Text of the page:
I have just done a search of the Internet for books on the building of a telegraph speed key. None were found. Nor was anything found about the making a vertical telegraph speed key. Thus, this book appears to be the very first one ever written on the subject.
This key stands 7-1/4” tall, has a 3” x 3-3/4” x 3/4” thick brass base and is nickel plated. It will be one of the best performing keys that you own and you can take great pride in having built one of the world’s most unusual speed keys.
It has no dot contact post, no dot spring on the weight rod and no silver contacts. Instead, there is a collet on the weight rod that has a strong magnet bonded on its bottom. This magnet passes over a reed switch mounted in a 5/32”OD brass tube and closes it to make dots for the transmitter. The avoidance of friction from the normal dot spring and its silver contacts is why the key usually makes such an unbelievable number of dots. All other components of a normal speed key are present. The book is 60 pages, 8-1/2 x 11 and is spiral bound. It contains drawings and 145 color photographs of the step by step construction to guide the builder.
Here is the history of the original vertical speed key, and how my vertical keys came about. Around 90 years ago, Martin, the inventor of the Vibroplex telegraph speed key manufactured the world’s first vertical telegraph speed key. Its purpose was said to conserve space on the operator’s desk. Although highly collectable, no firm has made one since then. Thus, my above key is the first one offered since that date. The Martin key was so complex that I could not determine how it worked by a study of photographs. I had to resort to the patent drawings for an understanding. Most owners of the Martin vertical key are not very happy with how it performs.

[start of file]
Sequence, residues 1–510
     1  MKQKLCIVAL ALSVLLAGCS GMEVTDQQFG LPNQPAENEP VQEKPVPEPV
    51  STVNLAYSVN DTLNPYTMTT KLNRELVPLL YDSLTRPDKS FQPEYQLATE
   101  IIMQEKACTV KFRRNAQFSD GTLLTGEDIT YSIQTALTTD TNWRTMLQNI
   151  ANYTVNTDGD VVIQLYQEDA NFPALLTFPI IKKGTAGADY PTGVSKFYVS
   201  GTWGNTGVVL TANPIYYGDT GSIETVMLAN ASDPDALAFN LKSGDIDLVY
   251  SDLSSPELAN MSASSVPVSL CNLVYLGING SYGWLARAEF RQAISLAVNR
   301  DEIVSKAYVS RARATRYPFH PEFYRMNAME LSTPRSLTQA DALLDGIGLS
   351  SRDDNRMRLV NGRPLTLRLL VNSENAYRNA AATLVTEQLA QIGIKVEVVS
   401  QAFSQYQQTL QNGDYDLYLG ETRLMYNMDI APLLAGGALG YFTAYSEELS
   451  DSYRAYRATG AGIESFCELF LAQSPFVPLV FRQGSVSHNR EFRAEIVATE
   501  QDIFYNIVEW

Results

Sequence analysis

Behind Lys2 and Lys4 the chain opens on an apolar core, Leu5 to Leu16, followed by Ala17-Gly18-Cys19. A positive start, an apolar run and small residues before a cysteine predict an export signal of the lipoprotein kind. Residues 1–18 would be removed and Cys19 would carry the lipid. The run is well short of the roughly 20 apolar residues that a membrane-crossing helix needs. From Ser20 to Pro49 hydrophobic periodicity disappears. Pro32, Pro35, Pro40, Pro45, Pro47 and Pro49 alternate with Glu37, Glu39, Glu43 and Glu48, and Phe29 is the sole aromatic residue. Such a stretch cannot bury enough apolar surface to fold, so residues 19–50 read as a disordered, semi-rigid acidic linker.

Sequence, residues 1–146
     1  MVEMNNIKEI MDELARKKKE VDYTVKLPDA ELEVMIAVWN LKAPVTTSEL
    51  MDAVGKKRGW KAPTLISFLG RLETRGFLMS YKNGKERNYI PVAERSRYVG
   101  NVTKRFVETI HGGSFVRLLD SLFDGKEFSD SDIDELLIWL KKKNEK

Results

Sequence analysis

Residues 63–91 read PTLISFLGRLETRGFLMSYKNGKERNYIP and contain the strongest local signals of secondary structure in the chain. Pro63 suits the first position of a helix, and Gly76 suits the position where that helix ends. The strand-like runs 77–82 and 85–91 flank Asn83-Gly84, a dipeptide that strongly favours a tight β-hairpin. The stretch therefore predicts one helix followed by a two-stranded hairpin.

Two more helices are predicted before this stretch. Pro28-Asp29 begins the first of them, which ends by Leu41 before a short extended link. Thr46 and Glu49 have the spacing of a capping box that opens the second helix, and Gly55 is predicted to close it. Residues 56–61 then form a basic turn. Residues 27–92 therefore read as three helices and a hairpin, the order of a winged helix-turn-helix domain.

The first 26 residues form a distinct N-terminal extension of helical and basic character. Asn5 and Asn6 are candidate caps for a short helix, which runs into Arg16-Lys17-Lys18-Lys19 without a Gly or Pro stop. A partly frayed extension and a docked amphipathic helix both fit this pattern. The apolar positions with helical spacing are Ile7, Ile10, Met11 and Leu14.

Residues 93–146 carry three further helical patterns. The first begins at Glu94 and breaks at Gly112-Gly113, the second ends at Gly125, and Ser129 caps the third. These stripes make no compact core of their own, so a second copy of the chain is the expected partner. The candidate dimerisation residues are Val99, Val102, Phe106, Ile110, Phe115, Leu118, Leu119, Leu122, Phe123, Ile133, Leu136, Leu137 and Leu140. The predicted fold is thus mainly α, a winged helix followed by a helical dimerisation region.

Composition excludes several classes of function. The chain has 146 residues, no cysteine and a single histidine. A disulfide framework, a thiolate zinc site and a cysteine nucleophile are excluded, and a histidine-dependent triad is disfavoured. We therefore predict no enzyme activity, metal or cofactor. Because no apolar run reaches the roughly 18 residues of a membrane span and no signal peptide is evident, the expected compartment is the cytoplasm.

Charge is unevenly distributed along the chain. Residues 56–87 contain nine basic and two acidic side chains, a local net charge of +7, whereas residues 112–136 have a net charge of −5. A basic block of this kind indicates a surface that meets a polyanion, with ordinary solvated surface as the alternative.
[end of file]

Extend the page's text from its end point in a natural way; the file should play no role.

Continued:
Many years ago, on ham radio, I met a friend, Shelby (Coach) Rye, AD4WQ. He learned that I had made two speed keys earlier in my life and a code keyer switch later. He encouraged me to make another speed key. After much consideration, it seemed that to be of interest, such a key would have to be of a highly unusual design and be an excellent performer. A vertical key seemed to be the answer.
I accidentally solved the problem of how to make a short height, high performance, vertical speed key, with the paddles at finger height 62 years ago. This was while making a code keyer as my project in a mechanical engineering class, while a student at the University of Tennessee. Thus, I was in an excellent position to make an unusual, vertical speed key design of great simplicity, and high performance, compared to the Martin key.
A key was designed and made in short order and Coach came to check it out. We were both surprised to learn that instead of the usual 15 or so dots made by a normal Vibroplex speed key, this key made 105 of them before giving up. Coach has used his version of the key for the past 6 years and says it is the best of all of his speed keys. During this period, I ended up building eight highly unusual speed keys-most of them vertical.
At that time, 6 years ago, I did not think it logical to write a book for making the key, by a clockmaking author unknown in CW circles. However, since my book, How TO RESTORE TELEGRAPH KEYS, has become the bible for key collectors, and much of my restoration work has been seen on the Internet by CW people. Thus it now seems possible to justify the work and expense of publishing a book on how to make the key.
Those who have HOW TO RESTORE TELEGRAPH KEYS will find it a great adjunct to this book.